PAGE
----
UK taxpayers with overseas bank accounts face some tough decisions this month. Since September 2009, HM Revenue and Customs (HMRC) has been offering individuals the chance to come clean about any unpaid taxes under the New Disclosure Opportunity (“NDO”).
Those with savings in overseas accounts, and other overseas income or gains, who have not properly complied with UK tax law, are offered a reduction in the possible penalties on unpaid taxes of up to 90 per cent. This is coupled with the promise of a simplified procedure and very little chance of a follow-up with a more in-depth tax investigation (unless HMRC suspect criminality). Those who don’t come forward, and are later identified by HMRC, risk a tax investigation which could extend into all of their affairs. They would also face penalties of up to 100 per cent of the outstanding tax, interest on that tax and the possibility of criminal prosecution.
This will affect most people who are resident in the UK for tax purposes since their worldwide income and gains are actually taxable in the UK. It could extend 20 years into the past, if there are historical irregularities, and could also affect people who live overseas but treated as resident in the UK. People with overseas arrangements will wonder why they should disclose now as opposed to taking their chances and keeping quiet. Anyone with an overseas bank account will wonder how this affects them, especially if interest is already deducted by their bank. However, unless the same amount of tax that would have been paid in the UK (or more) has been deducted, then a UK liability may remain.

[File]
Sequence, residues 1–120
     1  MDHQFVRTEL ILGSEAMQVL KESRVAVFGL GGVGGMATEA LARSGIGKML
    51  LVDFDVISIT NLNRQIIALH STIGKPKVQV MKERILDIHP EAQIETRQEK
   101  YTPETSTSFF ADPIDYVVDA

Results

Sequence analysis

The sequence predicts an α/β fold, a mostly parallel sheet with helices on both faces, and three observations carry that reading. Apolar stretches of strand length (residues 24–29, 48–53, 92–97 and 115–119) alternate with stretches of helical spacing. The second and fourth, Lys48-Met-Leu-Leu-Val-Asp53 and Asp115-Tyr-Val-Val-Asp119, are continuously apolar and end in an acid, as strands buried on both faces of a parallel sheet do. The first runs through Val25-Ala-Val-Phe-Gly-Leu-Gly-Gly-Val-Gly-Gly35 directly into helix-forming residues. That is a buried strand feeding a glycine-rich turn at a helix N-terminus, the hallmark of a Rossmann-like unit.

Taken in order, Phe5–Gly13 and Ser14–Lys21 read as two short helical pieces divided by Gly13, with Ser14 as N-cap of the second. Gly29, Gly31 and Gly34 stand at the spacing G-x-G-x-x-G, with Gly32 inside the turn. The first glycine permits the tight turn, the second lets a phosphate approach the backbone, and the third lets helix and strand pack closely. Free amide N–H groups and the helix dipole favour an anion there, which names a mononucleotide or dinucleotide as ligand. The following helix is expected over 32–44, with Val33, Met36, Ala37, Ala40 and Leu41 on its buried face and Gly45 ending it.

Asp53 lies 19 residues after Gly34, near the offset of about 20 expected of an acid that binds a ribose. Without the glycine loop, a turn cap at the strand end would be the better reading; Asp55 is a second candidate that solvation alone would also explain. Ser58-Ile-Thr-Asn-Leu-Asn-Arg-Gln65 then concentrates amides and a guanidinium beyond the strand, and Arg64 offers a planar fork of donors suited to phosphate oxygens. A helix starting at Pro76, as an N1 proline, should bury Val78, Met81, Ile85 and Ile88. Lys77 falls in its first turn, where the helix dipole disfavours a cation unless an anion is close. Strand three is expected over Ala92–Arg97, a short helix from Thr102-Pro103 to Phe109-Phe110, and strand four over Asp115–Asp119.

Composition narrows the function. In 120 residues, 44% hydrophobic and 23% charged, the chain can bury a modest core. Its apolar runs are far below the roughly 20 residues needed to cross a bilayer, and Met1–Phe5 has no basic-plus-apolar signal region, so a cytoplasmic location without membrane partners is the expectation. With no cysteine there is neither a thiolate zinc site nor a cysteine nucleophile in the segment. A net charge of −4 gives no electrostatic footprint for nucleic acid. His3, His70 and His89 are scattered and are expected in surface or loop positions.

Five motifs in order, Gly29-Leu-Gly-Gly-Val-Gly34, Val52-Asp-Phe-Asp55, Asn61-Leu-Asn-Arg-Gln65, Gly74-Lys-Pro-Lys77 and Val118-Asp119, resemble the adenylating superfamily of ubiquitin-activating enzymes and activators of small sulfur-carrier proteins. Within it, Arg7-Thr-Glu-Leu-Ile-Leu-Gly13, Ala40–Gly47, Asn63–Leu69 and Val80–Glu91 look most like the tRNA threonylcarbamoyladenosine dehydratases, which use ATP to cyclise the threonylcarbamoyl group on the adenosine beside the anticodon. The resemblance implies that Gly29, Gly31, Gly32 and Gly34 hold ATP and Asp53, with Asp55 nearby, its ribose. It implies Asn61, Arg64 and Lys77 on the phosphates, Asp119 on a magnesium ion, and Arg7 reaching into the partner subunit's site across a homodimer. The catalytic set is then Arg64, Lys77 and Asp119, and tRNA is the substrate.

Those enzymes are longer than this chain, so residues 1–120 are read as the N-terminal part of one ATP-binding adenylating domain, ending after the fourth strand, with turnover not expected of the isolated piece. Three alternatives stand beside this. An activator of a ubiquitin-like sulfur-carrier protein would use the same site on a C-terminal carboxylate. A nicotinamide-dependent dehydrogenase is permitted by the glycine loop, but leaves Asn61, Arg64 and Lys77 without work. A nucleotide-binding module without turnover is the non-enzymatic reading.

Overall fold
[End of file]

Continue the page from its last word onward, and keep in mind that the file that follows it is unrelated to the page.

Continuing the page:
There are new factors that were not a concern previously. HMRC are relying on these to give an added push. There have been several cases where banks have been forced to hand over customer information. This could affect overseas banks with UK branches. There are also EU rules requiring certain information to be disclosed by banks across the EU.
There is also a trend for previously secretive countries like Switzerland to bow to pressure and hand over details on their banks’ customers. HMRC has also publicised that they are in the process of finalising agreements with several countries to agree mutual exchanges of information.
Most importantly, just because someone has cash abroad does not mean that they need to pay UK tax. Many people are able to reduce their exposure to penalties through the use of existing tax law. Anyone who might have outstanding tax and needs to disclose will need notify HMRC of their intention to disclose before 30 November. It is crucial they do so.